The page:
Thursday, March 10, 2011

Free advice to NPR

I'm a listener of National Public Radio going way, way back. Its reporters are smart, its production values clean and straightforward.

It pains me to see it going through its current troubles, but there's a simple solution -- get rid of its federal government funding and go it alone.

It receives no direct federal funding, but it does get some federal grants that represent about 10 percent of its annual budget. It benefits indirectly through other government sources that help fund independent public radio stations around the country that pay fees to NPR for its services. The problem for NPR really comes down to its direct federal subsidy.

It ought to dump it.

No news organization can claim to be entirely free from outside influence. Newspapers, TV stations, magazines and web sites can't survive without either advertising or big donations from rich people or corporations. All of these sources of income would like to have some influence on the product, and journalists go to great lengths to avoid that kind of influence. It's been going on for a long time.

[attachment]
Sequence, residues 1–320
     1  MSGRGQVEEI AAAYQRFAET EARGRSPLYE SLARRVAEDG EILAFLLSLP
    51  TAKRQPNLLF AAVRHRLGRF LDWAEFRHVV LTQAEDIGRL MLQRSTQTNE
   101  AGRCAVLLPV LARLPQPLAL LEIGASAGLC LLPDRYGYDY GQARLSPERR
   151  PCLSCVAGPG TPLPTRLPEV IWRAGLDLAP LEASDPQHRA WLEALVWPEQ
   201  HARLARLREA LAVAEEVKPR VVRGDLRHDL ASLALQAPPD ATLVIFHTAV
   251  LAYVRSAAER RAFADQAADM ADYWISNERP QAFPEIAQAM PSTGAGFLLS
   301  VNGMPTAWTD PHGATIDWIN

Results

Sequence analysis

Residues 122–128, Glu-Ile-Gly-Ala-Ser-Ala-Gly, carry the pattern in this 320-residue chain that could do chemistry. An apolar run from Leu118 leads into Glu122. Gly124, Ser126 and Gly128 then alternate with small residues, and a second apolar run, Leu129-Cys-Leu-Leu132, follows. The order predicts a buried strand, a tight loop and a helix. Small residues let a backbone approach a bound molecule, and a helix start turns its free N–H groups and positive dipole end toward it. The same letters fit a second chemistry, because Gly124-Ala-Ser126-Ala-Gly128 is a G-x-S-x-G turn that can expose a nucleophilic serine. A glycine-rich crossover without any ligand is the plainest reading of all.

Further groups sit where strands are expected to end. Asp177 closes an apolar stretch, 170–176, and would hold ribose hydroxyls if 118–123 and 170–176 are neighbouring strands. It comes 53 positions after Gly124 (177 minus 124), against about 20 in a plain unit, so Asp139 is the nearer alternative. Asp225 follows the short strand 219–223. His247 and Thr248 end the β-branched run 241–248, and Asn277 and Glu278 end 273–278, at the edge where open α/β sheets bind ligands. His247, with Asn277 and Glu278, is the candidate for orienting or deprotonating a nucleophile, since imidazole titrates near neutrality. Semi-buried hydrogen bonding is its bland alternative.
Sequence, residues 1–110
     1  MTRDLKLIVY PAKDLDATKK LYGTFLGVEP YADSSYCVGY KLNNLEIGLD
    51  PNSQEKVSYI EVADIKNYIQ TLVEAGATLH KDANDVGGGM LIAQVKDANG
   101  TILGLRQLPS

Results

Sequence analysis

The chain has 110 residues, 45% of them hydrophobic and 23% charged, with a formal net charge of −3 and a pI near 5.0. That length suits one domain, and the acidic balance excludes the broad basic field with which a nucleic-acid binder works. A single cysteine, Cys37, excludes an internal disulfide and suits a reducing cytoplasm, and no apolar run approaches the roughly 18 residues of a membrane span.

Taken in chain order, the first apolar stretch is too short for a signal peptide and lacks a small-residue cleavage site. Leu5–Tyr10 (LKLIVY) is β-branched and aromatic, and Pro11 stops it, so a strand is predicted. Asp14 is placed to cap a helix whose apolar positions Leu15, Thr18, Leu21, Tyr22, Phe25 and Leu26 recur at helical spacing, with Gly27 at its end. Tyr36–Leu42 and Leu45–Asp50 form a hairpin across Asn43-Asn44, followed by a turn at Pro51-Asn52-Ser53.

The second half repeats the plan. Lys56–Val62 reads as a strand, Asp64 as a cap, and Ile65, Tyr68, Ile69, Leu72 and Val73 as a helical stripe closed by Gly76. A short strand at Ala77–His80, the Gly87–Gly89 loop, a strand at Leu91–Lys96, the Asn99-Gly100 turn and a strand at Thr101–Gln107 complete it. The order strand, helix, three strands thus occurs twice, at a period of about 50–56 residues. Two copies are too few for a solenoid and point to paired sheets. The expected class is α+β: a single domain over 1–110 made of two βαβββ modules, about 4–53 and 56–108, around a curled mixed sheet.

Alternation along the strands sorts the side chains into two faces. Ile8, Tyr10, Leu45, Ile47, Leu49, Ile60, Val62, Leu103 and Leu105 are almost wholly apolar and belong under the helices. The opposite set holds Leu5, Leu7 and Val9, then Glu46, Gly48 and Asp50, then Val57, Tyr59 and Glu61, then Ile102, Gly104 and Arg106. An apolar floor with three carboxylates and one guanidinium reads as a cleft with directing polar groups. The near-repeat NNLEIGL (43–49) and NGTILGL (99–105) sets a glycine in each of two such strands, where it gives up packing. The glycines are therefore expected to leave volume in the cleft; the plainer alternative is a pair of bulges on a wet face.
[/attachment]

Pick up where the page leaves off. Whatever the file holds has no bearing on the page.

In the case of National Public Radio, however, one of the sources of income is the American taxpayer, coming through the filter of the Washington political machine. It's not worth it. Why NPR would want to put up with that is beyond me.

Politicians will always target news organizations they don't like for whatever reason. Meanwhile, Americans have long and rightfully rejected the British model that charges an annual tax for each television owned by its citizens to fund the BBC. By accepting even a small amount of tax money, NPR opens itself to criticism that it doesn't need. It should simply go to a 100 percent private fund-raising formula and tell Congress to take a flying leap.

Privately funded journalism isn't perfect -- it's more like Churchill's description of democracy: "Democracy is the worst form of government, except for all those other forms that have been tried from time to time."